Thursday, April 14, 2011
The American Budget: Slasher Novel?
Joe: partisanship wins the budget deal. Each side calls the other a horrible monster and lo and behold they make a deal that is historic. Doesn’t feel historic it feels as if these politicians truly want us to be lieve a 1 or 2% cut in these times is actually worthwhile. I suppose it is worthwhile for a politician who wants to save face, who wants to look good. Here are comments from the left Kinsley, right Wall Street Journal, and the so called extreme Ran Paul (so extreme a 10% cut whoopee! Interesting to note how Obama’s plan to raise taxes on the “rich” wouldn’t pay this year’s deficit. -Bob
By MICHAEL KINSLEY | 4/12/11 4:42 AM EDT
The fiscal savior of this country will be the person who persuades us to bite the bullet: Accept some pain now to remain prosperous later. That person will not be Rep. Paul Ryan.
The reviewers agree: The Path to Prosperity, aka the Republican budget proposal for 2012 that was released a week ago by the House Budget Committee — which Ryan chairs — is one helluva read. To liberals, it’s the nightmare of a madman with an ax chasing you down a long hallway. To conservatives, it’s a sweet dream of wonderland, where angels dine on Heritage Foundation press releases. Right or wrong, it is said, Ryan has at last set the stage for an honest debate about government spending and the federal deficit.
1. Say you’ve done it. They’ll probably believe you. If you boiled all the self-congratulations out of Ryan’s 60-page document, you’d save a lot of paper, which is important to him. He calls on the government to “eliminate excessive printing” of congressional bills and resolutions. OK, I’m for that. But that is one of a remarkably few specifics.
2. Waste, fraud and abuse. These are old friends — introduced to us by Reagan himself — which have survived years of ridicule and are still in Ryan’s “Path.” There is no budget line called “waste, fraud and abuse.” No doubt, there is plenty of all three in the federal government — just as in the private sector. But Ryan offers us no reason to think that there are easy pickings that five presidents since Reagan, most of them Republican, have overlooked.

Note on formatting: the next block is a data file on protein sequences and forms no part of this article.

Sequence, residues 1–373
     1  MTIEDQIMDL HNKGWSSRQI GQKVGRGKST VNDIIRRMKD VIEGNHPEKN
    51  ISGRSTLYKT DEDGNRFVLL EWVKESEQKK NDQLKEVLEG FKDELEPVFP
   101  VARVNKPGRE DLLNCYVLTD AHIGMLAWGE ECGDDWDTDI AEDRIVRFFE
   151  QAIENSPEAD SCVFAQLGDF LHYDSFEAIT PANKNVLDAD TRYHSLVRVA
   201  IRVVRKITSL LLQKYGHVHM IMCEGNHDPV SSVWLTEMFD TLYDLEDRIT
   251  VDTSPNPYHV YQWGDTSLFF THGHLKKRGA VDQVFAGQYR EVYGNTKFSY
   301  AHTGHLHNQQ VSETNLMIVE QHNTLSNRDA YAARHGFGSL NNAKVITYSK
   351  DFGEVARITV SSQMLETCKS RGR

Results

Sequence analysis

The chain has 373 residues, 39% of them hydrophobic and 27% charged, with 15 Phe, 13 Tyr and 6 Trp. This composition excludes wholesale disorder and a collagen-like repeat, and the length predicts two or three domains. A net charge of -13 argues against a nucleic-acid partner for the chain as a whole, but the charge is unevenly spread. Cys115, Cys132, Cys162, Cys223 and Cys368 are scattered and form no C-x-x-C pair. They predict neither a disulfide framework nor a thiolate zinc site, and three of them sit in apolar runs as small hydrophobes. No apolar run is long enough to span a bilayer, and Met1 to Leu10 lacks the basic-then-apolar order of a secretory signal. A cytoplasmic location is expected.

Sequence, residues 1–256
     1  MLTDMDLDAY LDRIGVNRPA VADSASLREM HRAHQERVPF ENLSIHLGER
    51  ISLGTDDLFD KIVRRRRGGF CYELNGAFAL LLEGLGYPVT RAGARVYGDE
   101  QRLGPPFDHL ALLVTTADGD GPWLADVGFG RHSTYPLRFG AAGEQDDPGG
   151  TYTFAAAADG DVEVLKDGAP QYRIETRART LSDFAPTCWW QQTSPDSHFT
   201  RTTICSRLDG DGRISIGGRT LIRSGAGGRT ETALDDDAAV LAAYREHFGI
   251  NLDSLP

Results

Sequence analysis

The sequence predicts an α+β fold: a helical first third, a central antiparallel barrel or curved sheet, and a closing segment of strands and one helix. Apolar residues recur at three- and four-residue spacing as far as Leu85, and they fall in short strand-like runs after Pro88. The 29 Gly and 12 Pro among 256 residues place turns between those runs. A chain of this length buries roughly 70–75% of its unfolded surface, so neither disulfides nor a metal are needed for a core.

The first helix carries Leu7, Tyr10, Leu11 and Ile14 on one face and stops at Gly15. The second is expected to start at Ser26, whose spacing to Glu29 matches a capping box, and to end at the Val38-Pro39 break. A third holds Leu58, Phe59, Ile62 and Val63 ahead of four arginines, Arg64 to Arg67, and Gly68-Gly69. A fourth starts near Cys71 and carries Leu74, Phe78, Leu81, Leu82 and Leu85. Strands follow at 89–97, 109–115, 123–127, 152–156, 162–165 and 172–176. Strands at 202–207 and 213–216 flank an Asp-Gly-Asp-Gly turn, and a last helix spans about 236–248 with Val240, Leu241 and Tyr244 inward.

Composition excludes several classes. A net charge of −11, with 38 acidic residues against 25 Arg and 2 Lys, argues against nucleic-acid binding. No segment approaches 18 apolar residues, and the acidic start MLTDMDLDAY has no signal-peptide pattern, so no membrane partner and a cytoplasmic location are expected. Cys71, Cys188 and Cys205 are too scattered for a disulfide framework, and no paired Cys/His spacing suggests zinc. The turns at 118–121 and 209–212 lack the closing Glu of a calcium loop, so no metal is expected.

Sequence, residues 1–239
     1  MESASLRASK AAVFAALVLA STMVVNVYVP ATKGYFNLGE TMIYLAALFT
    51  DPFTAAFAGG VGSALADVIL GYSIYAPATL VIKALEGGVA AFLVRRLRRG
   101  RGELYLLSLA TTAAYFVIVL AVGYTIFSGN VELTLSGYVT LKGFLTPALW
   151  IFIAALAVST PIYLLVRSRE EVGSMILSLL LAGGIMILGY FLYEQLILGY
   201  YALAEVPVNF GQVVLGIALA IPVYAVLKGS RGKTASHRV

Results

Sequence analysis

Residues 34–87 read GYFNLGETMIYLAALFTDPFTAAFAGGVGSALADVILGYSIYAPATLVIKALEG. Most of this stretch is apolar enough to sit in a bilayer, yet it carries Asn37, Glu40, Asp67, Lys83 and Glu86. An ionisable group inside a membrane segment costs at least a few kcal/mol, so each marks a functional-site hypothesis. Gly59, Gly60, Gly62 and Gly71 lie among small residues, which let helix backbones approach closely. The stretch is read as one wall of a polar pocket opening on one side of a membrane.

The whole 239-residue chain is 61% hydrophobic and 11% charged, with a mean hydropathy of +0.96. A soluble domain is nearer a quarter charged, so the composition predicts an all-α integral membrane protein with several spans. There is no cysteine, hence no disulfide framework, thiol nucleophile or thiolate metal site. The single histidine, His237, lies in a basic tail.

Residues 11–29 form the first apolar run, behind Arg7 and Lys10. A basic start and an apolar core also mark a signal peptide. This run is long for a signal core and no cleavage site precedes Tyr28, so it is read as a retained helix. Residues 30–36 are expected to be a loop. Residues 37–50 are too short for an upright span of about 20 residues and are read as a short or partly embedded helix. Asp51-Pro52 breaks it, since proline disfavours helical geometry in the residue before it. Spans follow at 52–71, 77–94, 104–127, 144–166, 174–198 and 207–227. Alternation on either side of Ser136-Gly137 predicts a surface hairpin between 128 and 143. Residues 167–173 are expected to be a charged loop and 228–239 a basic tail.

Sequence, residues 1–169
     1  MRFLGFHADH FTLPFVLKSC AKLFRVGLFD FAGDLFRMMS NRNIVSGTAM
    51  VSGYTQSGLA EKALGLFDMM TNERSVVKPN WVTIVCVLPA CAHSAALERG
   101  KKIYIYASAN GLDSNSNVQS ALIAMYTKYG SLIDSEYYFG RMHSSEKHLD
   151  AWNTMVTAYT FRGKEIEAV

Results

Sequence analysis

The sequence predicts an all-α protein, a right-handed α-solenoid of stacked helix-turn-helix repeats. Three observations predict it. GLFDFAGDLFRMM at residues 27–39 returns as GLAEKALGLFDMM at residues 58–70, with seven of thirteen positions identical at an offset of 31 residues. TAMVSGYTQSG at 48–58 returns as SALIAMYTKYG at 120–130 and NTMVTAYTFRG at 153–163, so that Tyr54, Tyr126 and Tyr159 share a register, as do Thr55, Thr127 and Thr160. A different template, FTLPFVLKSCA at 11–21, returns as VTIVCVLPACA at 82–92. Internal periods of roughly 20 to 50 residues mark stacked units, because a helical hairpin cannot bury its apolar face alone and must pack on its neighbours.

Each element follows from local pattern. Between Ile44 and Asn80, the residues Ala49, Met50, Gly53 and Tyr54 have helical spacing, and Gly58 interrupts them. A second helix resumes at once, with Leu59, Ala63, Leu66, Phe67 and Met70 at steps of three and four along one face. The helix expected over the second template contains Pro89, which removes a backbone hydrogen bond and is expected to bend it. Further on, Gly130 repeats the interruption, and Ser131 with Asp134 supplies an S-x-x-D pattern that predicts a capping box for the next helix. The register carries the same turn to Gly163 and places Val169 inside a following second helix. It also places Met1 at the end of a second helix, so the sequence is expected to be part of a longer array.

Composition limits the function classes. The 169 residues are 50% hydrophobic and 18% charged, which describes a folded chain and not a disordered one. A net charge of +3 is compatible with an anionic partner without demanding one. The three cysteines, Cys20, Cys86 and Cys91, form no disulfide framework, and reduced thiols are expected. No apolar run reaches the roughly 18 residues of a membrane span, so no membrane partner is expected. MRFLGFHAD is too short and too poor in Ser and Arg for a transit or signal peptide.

3. “Caps” and “across-the-board cuts.” Ryan says there should be a “binding cap on total spending as a percentage of the economy” with “caps on the total size of government … enforced by sequester.” He also favors a seemingly redundant cap on “discretionary spending” — basically everything except Medicare, Medicaid and Social Security, which is not much — “enforced by automatic across-the-board cuts if spending exceeds these caps.” An order to cut without guidance on what to cut or why is more like an aspiration than a decision. You might as well pass a law saying that “there shall be a balanced budget,” and if there isn’t, “the president and Congress shall get together and produce one” — then claim that they’ve solved the puzzle. A cap is a restatement of the problem; it’s not a solution.